Chicken Pox Vaccine Hutchinson KS

I know controversies surround a number of childhood vaccines. In particular, why should I give my child the chicken pox vaccine if it is such a mild and normal childhood illness? My advice is not to vaccinate, but instead to expose your child to chicken pox if you can, since the disease itself confers lifelong immunity. The vaccine, on the other hand, does not. Once its protection declines (after about 10 years), your child would be susceptible to chicken pox as a young adult.

Ellen Ann Losew, MD
(620) 669-6715
1100 N Main St
Hutchinson, KS
Specialties
Pediatrics
Gender
Female
Education
Medical School: Univ Of Ks Sch Of Med, Kansas City Ks 66103
Graduation Year: 2000

Data Provided by:
William Tobin Unsderfer, MD
(620) 669-6690
1100 N Main St
Hutchinson, KS
Specialties
Pediatrics
Gender
Male
Education
Medical School: Univ Of Ks Sch Of Med, Kansas City Ks 66103
Graduation Year: 1990

Data Provided by:
Medical Center PA - Rodney Handsfield- M Shahzad H
(620) 669-6691
1100 North Main Street
Hutchinson, KS
 
Hasan M Shahzad MD
(620) 669-6691
1125 North Main Street
Hutchinson, KS
 
Dr. Merle E Milburn Jr
(785) 650-2748
Hutchinson, KS
Specialty
Pediatrics

Metcalf David J DC
(620) 669-6691
125 North Main Street
Hutchinson, KS
 
Dr. Ellen Ann Losew
(620) 669-6715
1100 N Main St
Hutchinson, KS
Specialty
Pediatrics

Dr. William Tobin Unsderfer
(620) 669-6690
1100 N Main St
Hutchinson, KS
Specialty
Pediatrics

Johnson Randle C MD
(620) 669-6691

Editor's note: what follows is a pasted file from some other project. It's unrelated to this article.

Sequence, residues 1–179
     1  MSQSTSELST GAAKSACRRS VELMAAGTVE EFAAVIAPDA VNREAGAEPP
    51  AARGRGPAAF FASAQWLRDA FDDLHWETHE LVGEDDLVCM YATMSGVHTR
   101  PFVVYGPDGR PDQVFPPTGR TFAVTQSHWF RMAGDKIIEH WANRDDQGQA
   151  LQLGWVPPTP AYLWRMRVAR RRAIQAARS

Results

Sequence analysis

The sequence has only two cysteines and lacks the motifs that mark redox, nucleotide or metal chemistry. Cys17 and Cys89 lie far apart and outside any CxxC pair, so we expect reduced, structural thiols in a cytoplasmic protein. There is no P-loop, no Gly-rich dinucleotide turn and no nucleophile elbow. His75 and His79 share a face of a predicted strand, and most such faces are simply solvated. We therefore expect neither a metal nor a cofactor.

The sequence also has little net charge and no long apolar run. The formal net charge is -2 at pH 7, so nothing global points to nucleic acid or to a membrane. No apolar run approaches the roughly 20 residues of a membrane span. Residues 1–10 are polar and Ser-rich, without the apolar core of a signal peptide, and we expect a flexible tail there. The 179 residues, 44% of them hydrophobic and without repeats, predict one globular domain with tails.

1125 North Main Street
Hutchinson, KS
 
David H Tweito
(620) 663-8484
200 W 2nd Ave
Hutchinson, KS
Specialty
Pediatrics

Data Provided by:
Data Provided by:

Ask the Doctor - Chicken Pox Vaccine

Provided by: 

By Randall Neustaedter, OMD, Lac

I know controversies surround a number of childhood vaccines. In particular, why should I give my child the chicken pox vaccine if it is such a mild and normal childhood illness?


Good question, since the disease itself rarely results in complications. Prior to the introduction of the chicken pox (varicella) vaccine in 1995, deaths from chicken pox occurred in only 0.0014 percent of healthy children. My advice is not to vaccinate, but instead to expose your child to chicken pox if you can, since the disease itself confers lifelong immunity. The vaccine, on the other hand, does not. Once its protection declines (after about 10 years), your child would be susceptible to chicken pox as a young adult. At that age and into later adulthood, the disease tends to last much longer and come with more severe symptoms.

What concerns me even more is the fact that the vaccine is associated with a number of severe reactions. In fact, in the first five years of the vaccine’s use, the government-funded Vaccine Adverse Event Reporting System (www.vaers. hhs.gov) received 9,500 reports of adverse effects from the vaccine. These included several deaths and 193 reports of nervous system reactions including partial paralysis and seizures. Other reported reactions include arthritis and bleeding disorders.

In healthy children, chicken pox is a mild and self-limiting disease. Although the disease is uncomfortable for your child, I do not feel the potential benefit from the vaccine is worth the potential risks.

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